I think Ireland has a unique opportunity with the cluster of internet services companies in Ireland to develop as a location of excellence for these industries, much as we did in the Eighties and Nineties with computer companies, and more recently in attracting leading pharmaceutical companies to Ireland. With the presence of Google’s EMEA headquarters in Dublin, as well as operations such as Yahoo!, Microsoft, Amazon.com, eBay, and, lately, Facebook, Dublin is developing the potential to become a world centre for excellence in online business development and advertising.
Q. Education was the bedrock of the economy that was known as the Celtic tiger. But the evidence is Irish schools are not receiving the same level of investment as counterparts in neighbouring and competing economies. What can and should be done about this?
A. From the middle ages, when the monastic centres of Ireland were seats of learning, Ireland has always valued education. There has been a great investment in education, and we are able to produce graduates who are valued for their flexibility and their high standards of education. But more and more, what will set us apart is an education system that enables people to think logically and succeed in the ‘thinking economy’.
Think about it, with the internet and search engines like Google, huge quantities of information are at our fingertips, so knowledge is now accessible to everyone. But it is the ability to think through the data, analyse it and then use it that will be critical in the future. Our education system needs to adapt to give people the skills they need for this new world.
As well as developing people for the ‘thinking economy’ we need to develop our language skills, particularly because as an open economy we depend on export trade to survive. At Google, when we release a product, we aim to release it in 40 or so languages simultaneously. We need to be able to converse in the languages of those we want to do business with.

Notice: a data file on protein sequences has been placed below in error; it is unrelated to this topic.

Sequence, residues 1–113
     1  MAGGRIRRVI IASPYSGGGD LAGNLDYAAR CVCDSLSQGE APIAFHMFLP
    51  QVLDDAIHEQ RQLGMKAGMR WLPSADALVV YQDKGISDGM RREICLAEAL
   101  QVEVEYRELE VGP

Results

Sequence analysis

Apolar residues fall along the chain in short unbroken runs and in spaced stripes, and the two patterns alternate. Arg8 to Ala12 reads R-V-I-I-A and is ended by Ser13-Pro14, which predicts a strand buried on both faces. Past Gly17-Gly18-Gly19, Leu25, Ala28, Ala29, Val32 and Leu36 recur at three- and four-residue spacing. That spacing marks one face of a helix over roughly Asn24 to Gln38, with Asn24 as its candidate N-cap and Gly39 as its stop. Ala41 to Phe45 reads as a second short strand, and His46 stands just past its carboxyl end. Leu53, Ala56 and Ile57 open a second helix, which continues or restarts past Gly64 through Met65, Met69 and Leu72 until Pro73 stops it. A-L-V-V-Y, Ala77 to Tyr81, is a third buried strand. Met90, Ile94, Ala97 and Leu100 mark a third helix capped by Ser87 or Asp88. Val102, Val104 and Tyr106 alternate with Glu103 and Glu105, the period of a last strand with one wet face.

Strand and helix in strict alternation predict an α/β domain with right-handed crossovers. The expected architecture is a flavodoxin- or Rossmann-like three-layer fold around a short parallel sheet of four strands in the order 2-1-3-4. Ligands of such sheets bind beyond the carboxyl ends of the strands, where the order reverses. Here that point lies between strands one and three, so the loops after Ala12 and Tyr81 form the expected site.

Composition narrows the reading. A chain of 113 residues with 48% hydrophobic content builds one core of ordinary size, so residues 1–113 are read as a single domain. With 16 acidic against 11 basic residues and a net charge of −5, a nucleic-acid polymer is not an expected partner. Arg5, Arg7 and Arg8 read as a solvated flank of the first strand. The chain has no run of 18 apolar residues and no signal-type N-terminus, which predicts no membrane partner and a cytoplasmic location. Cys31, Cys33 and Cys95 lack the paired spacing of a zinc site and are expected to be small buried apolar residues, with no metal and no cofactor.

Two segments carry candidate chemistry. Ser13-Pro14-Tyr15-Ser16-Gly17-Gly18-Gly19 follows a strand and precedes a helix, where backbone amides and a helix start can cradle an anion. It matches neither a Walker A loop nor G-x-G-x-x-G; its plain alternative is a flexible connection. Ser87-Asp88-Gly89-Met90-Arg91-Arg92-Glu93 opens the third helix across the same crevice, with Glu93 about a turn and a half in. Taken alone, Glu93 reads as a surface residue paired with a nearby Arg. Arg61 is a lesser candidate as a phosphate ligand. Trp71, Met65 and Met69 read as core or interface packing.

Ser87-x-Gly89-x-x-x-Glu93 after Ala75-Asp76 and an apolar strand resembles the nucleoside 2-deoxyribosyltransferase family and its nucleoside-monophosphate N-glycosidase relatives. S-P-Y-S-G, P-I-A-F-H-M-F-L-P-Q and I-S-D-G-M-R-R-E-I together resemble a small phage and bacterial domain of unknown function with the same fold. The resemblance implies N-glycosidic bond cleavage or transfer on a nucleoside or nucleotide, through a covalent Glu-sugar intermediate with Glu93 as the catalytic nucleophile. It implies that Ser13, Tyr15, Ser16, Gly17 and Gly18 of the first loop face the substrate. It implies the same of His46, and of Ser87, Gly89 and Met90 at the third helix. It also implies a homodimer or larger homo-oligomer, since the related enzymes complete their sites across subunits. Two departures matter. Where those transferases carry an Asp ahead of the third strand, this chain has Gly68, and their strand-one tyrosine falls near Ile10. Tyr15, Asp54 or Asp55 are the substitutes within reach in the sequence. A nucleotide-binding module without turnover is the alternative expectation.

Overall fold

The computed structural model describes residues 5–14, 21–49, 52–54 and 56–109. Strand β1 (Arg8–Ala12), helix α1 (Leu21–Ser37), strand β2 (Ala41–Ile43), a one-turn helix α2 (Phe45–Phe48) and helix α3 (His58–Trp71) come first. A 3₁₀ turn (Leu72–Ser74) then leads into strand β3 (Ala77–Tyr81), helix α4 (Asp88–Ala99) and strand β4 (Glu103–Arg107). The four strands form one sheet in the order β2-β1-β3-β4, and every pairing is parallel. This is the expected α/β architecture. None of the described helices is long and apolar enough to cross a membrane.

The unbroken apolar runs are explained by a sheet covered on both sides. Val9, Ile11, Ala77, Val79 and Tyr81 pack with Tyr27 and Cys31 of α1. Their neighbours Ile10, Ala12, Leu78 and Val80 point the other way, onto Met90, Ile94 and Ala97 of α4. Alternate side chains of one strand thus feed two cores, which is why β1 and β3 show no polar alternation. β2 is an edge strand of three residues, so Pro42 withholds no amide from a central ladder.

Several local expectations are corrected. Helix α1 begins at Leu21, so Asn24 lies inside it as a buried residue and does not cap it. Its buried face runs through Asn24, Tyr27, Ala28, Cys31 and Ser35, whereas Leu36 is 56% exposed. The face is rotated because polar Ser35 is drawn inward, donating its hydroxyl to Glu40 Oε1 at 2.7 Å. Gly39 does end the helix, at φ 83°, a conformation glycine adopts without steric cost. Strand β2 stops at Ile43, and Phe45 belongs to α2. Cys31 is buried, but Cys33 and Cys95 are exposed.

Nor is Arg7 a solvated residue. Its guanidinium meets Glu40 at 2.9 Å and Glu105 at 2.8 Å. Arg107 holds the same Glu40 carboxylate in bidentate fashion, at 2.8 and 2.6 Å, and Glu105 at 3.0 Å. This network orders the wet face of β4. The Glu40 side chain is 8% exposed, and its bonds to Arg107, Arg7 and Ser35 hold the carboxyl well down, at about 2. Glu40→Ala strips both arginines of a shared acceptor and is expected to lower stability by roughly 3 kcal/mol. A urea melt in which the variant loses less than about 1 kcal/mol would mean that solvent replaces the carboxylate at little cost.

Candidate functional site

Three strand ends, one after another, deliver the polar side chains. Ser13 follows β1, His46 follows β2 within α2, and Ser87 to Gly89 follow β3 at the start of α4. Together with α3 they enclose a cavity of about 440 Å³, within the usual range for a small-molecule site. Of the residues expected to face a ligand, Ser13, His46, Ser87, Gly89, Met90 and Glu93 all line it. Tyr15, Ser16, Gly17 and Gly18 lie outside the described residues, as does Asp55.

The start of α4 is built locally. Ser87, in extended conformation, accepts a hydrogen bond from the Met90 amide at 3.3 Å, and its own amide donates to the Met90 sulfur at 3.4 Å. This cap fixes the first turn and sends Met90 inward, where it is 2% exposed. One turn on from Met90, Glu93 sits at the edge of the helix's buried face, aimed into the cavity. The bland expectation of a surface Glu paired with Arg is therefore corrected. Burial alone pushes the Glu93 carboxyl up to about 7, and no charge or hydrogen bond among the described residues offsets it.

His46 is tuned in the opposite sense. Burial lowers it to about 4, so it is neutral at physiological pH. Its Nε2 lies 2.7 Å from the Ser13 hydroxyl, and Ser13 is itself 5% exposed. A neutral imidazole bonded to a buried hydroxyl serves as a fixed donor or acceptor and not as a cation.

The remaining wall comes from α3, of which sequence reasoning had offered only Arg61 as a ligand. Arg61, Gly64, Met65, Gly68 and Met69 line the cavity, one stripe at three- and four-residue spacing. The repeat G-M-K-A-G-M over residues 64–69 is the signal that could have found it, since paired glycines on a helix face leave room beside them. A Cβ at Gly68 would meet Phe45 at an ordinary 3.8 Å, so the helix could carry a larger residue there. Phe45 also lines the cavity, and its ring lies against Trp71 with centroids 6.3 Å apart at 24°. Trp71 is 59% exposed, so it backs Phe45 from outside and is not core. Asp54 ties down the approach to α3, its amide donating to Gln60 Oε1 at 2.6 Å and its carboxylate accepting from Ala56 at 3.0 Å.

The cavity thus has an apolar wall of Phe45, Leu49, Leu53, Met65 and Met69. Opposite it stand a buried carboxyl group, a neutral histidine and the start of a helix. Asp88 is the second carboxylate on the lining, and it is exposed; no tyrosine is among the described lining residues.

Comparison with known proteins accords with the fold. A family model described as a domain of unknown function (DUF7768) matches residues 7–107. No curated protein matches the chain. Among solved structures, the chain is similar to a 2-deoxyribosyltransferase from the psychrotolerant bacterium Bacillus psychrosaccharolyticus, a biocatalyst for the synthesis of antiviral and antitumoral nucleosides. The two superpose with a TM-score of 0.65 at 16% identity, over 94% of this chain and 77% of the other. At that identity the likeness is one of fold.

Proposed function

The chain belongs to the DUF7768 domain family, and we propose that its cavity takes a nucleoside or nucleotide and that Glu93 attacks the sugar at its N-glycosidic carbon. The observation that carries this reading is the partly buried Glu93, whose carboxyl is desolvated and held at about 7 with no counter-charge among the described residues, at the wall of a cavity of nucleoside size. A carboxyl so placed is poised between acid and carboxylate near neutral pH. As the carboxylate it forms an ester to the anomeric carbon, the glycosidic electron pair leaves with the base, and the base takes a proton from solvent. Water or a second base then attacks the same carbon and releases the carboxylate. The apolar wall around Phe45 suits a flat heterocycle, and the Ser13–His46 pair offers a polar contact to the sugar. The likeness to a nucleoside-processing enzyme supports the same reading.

The recent debate on education missed the fact that the overall spend on education actually increased in the recent budget. We need to focus on where the money is being spent, and ensuring that those who are teaching our young people have the necessary skills and support to teach maths, science, language and engineering subjects, which will be the bedrock of our future success.
A large part of recent controversy has focused on first and second level, yet has not questioned our strategies for third level. Here we need to ask – is the focus in the right areas? Within third level, we hear constant bemoaning about the level of remedial teaching that has to be done, yet the percentage of first- and second-class honours awarded continues to grow. We need to produce graduates of the highest quality with the right skills.
Q. In terms of infrastructure, is Ireland, in your opinion, adequately equipped to perform as an agile economy in 2009, and do you think it could emerge stronger as the economic storm clouds clear?
A. Again there has been a lot of investment through the National Development Plan in physical infrastructure, and it would be a mistake to stop critical investment projects in the current climate. Investment in education, transport, R&D and communications should be given priority. Our success will be dependent on making Ireland an easy place to access for international business, and ensuring we maintain a standard of living that makes us an attractive place to live and work.
Part of this will involve a heightened focus on current expenditure, which will need to be trimmed. We want to avoid the situation where we, as a nation, end up covering day-to-day operating costs with borrowings – for example, where the exchequer would be analogous to the householder who has to pay for groceries with credit cards.
If we accept that as a country we cannot live beyond our means, if we prioritise and invest in areas that make us more competitive and attractive as a location and if we can capitalise on the opportunity presented by the digital economy, then, yes, we can emerge stronger from the current downturn. We did so before and we can do so again.
By John Kennedy